I note that the Complainant went out sick on 21st February 20108 and the employment terminated on 1st February 2019.
I note that at no stage did the Complainant give any indication of a possible return to work.
I note that the Complainant is still unfit for work.
I find that the Complainant was unfit to fulfil her contract of employment.
I find that the contract of employment had become frustrated.
I find that the Respondent was entitled to terminate the contract of employment as the Complainant was unable to fulfil that contract. She was unable to fulfil a key part of any contract i.e. capacity.
I find that this is supported by Sec 6(4) of the Unfair Dismissals Act. “wholly or mainly from an employee’s capability to preform the work of the kind which he was employed by the employer to do”.
For those reasons I find that the dismissal was not unfair on substantive grounds.
I note that the Respondent sought meeting on regular intervals, but these were declined on at least four occasions.
I note that the Respondent had her medically assessed and had the benefit of the Consultant Psychiatrist for the Permanent Health Insurance scheme to affirm that she was fit for work.
Yet I note that at all times her GP certified her unfit for work.
I note that at no time including the final meeting on 29th January 2019 did she indicate any possible return date in the foreseeable future.
I note that the Respondent had sought meetings on a number of occasions and requested that she brings medical certification from her GP.
I note that she eventually attended at a meeting location on 29th January 2019 represented by her legal adviser but failed to bring a medical certificate from her GP, as requested.
I note that the Respondent had sought this medical report for over three months.
I note that she advised that she was having an examination by a Consultant Psychiatrist on 30th January.
I note that the Complainant’s representative did not request that the Respondent await the outcome of the Consultant Psychiatrist examination.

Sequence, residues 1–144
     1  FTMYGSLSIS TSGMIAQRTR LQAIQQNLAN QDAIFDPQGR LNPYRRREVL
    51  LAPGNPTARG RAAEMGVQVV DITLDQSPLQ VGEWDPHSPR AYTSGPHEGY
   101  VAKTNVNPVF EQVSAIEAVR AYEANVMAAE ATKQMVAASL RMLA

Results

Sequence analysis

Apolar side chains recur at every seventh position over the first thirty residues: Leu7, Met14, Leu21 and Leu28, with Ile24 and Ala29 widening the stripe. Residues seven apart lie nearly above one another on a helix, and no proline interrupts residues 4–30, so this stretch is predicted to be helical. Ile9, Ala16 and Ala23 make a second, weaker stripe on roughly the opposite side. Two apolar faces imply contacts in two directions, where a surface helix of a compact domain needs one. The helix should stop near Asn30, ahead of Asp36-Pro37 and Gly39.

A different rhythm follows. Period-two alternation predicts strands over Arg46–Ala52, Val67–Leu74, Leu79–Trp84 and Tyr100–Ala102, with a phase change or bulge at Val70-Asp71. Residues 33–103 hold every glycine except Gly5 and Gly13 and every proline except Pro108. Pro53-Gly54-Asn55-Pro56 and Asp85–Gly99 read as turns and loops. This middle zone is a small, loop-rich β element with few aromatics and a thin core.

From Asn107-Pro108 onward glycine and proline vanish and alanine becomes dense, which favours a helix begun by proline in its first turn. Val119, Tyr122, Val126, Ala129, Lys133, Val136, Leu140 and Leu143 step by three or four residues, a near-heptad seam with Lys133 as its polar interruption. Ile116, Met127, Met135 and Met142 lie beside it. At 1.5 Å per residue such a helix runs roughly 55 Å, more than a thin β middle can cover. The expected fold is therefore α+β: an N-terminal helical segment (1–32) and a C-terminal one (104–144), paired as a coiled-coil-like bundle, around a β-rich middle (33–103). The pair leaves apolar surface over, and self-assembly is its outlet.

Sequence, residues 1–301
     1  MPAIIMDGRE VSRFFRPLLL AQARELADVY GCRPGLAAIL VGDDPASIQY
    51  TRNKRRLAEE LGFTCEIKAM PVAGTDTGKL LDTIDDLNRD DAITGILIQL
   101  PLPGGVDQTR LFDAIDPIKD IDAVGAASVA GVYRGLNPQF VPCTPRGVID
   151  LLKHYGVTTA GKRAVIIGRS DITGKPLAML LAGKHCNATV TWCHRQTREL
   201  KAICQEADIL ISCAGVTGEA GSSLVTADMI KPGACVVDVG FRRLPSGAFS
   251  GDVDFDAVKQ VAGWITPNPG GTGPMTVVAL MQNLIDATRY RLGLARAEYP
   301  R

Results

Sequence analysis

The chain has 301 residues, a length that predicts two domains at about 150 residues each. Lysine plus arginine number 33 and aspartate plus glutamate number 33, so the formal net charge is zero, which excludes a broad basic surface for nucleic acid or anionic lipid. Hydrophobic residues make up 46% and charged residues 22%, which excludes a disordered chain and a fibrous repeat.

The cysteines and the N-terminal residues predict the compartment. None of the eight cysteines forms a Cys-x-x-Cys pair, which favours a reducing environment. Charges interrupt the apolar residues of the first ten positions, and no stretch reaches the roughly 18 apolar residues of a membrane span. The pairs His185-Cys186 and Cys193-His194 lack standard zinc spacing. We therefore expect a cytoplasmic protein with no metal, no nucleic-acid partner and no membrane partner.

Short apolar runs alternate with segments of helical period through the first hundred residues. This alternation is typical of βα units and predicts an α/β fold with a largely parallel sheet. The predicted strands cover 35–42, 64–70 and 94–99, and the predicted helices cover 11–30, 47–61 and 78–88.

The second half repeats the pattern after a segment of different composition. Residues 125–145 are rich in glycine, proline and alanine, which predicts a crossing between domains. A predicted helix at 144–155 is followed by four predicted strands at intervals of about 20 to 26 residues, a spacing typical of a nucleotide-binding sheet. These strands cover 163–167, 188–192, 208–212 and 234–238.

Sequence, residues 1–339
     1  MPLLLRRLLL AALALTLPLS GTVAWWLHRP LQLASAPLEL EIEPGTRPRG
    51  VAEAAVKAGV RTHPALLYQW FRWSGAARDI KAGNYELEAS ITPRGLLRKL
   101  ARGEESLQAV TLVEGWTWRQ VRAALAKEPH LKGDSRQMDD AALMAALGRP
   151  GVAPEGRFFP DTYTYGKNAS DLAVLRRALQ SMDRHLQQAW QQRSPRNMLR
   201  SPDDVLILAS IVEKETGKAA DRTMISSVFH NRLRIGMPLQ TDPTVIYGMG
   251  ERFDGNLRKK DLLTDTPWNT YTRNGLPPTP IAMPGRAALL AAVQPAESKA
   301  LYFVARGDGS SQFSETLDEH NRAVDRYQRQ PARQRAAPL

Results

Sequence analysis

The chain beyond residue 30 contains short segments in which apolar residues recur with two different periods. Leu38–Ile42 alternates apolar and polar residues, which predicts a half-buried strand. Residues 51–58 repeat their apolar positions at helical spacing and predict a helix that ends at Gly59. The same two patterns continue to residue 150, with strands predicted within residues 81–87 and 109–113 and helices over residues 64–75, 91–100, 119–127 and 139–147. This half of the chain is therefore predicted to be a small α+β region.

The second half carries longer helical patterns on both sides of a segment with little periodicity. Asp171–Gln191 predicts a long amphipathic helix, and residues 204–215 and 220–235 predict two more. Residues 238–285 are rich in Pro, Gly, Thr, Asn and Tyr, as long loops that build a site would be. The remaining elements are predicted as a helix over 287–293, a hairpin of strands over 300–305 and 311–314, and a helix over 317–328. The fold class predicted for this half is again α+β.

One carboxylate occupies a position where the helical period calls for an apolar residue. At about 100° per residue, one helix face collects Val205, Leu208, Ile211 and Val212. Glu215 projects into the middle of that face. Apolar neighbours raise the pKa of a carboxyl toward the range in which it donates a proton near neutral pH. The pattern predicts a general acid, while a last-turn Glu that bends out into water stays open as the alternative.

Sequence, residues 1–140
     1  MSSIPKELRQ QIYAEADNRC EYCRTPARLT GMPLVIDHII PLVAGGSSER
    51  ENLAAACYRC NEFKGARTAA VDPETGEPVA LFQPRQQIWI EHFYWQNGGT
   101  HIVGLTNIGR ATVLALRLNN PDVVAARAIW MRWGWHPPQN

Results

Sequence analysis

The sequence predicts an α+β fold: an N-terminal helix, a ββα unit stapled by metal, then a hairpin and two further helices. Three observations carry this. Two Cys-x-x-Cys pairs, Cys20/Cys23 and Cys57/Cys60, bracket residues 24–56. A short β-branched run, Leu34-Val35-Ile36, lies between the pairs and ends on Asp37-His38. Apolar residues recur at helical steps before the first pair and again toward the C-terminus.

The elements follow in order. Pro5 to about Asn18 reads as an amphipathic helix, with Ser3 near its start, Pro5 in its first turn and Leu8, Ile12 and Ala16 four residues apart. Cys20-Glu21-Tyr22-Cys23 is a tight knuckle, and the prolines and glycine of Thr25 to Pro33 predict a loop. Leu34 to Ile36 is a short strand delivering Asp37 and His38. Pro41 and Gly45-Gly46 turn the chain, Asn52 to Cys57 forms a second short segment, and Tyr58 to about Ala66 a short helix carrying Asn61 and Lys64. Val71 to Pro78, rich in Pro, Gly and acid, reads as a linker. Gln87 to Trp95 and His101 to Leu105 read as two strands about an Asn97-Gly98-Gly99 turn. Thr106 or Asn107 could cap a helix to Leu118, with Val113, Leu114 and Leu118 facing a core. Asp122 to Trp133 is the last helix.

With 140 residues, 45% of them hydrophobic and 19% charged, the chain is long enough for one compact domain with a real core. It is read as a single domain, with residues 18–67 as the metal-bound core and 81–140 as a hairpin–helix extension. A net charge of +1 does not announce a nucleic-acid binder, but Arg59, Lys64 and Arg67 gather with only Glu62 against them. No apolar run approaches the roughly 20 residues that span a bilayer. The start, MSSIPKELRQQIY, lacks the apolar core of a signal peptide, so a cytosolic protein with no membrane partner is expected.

I note that it was the Respondent’s view that that this examination was in respect of a personal injuries claim.
I note that the Complainant did not produce the report of the Consultant Psychiatrist at the appeal hearing either.
Despite this the Complainant is now placing huge emphasis on the opinion of her Consultant Psychiatrist but failed to use it at the appeal hearing.
I note that the Complainant was aware that the Respondent was considering the continuing employment and confirmed this in writing. She received a letter from the Respondent dated 6th November 2018 headed Matter : Meeting about your future employment.
I find that the Complainant had the benefit of legal advice and it is not for the Respondent to make her case for her.
I find that the Complainant’s represenative chose not to rely upon the Consultant’s Psychiatrist’s report at the time of the dismissal and appeal.
I find that the Respondent applied fair procedure and so I find that the dismissal was procedurally fair.
Section 8 of the Unfair Dismissals Acts, 1977 – 2015 requires that I make a decision in relation to the unfair dismissal claim consisting of a grant of redress in accordance with section 7 of the 1977 Act.
I have decided that the Complainant has not been able to fulfil her contract of employment by not attending work on a regular basis.
I have decided that that is sufficient grounds to terminate the contract of employment, because it had become frustrated by the absence with no hope of a return to work for the foreseeable future.
I have decided that the dismissal was not unfair.
I have decided that this complaint is not well founded and so it fails.
Dated: November 28th 2019
Workplace Relations Commission Adjudication Officer:
Dismissal on grounds of failing to fulfil the contract of employment